You had high hopes for Fred Thompson.  And you thought terror was going to be the defining issue in his campaign.  How do you feel now that you have seen the campaign? 

STONE:  Well, sadly, the campaign doesn‘t seem to have any defining issue.  I must say, I‘m very disappointed.  I did have high hopes for Fred Thompson, but I think both conservative columnists in “The Washington Post” today made excellent points. 

First of all, he‘s not put together a campaign capable of winning the White House.  To turn away experienced Republican operatives with years of presidential experience like Scott Reed or Jeffrey Bell, and put your campaign in the hands of Mary Matalin, who failed to get the only Republican in 75 years, the only Republican president reelected, and perhaps the worst campaign of all time, the Bush ‘92 campaign.  And then further drive the current vice president‘s approval ratings into the teens.  Has convinced me they don‘t have a team that knows how to elect Fred Thompson... 

CARLSON:  But wait a second.  And I‘m not just saying that because I like Mary Matalin—and I do very much—but I also...

STONE:  She was a bride‘s maid in my wedding.  She‘s a friend of mine, but I think she‘s done her candidate a disservice here. 

CARLSON:  But in the end, it‘s the candidate himself who wins or loses.  This is from George Will‘s column today, and I thought it was devastating.

So Thompson goes on Sean Hannity‘s show.  And Hannity doesn‘t ask any vicious questions or anything.  He basically says, what sets you apart from the other candidates?  Here‘s Thompson‘s reply.  Quote: “To tell you the truth, I haven‘t spent a whole lot of time going into the details of their positions.”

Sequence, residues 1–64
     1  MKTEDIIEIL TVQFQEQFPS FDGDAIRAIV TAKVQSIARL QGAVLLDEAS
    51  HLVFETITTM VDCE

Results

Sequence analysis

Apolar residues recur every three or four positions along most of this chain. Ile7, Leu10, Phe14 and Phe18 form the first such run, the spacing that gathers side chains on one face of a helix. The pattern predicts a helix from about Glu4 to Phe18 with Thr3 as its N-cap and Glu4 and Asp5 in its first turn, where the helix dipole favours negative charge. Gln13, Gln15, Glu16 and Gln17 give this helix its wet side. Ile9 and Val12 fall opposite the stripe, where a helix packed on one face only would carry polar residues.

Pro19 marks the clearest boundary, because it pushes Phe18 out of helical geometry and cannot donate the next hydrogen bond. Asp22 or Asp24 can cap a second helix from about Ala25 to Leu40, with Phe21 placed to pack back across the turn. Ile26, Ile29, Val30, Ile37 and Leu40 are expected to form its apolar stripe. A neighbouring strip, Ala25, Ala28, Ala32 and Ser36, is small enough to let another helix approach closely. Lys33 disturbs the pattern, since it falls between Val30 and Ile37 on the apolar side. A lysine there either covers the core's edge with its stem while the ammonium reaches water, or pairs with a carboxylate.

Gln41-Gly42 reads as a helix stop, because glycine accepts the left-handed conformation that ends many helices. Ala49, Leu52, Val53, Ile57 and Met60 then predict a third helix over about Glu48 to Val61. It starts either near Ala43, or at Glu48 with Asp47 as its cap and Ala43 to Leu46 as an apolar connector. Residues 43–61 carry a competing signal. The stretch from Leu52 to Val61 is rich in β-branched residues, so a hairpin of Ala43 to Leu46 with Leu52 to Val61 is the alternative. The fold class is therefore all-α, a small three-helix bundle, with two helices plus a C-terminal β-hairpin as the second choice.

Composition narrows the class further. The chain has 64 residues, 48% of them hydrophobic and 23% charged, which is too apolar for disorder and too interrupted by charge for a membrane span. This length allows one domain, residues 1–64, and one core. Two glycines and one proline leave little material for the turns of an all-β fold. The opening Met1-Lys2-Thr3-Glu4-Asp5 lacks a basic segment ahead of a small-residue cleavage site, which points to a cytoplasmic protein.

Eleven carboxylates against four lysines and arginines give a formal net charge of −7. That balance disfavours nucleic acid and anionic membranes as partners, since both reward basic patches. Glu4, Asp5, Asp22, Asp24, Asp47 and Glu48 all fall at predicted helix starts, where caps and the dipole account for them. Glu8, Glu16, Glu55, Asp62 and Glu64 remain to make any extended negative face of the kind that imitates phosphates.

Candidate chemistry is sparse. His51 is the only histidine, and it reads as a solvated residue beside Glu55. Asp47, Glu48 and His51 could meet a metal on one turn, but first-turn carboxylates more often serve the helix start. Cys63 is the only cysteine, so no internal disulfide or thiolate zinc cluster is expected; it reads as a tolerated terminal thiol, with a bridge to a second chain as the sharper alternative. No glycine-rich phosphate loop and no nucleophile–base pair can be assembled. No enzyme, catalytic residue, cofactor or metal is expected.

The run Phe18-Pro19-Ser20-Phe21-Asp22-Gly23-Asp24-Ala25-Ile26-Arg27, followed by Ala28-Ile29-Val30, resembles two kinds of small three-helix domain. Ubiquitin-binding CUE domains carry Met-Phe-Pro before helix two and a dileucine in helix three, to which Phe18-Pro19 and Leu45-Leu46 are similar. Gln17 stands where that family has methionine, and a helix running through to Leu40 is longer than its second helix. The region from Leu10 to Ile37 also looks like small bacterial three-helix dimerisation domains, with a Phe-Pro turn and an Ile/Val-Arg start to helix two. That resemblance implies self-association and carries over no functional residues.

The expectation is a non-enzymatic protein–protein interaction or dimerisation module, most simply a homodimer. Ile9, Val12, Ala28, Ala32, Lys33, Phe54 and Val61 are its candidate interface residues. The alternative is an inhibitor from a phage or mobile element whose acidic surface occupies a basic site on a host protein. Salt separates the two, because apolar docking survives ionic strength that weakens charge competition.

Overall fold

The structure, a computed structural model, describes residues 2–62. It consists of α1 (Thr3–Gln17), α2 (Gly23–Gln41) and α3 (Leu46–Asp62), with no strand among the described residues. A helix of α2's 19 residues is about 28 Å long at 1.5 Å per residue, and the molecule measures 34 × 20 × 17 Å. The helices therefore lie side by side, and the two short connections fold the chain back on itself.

What the hell is that?

STONE:  Precisely the point.  But who in the campaign has said, Senator, you need to have a compelling message that makes you different than these other candidates.  He‘s the candidate.

I frankly think George Will‘s column was more devastating.  He not only doesn‘t know his own record, he‘s now trying to obfuscate his own record as to why he supported McCain-Feingold. 

This is a grave disappointment.  Unfortunately, Fred Thompson appears to me to be all potential, and that potential is not being realized. 

CARLSON:  But what is the potential?  I mean, what is the rationale?  It seems to me every campaign is driven by a central idea or every winning campaign is, anyway.  The losing ones aren‘t.  General Wesley Clark, you never figured out why he was running.  If you were to sum up in one sentence why Fred Thompson wants to be president, what would it be? 

STONE:  You can‘t do so.  You can do so for Rudy Giuliani, who I think has defined extremely well why he ought to be the nominee and why he ought to be the next leader of the free world.  You want him on that wall, as Matt Bai said last weekend, in the fight against terrorism.  We need him on that wall in the fight against terrorism. 

Fred Thompson has no such compelling message, and no one around him who seems to understand that he needs one.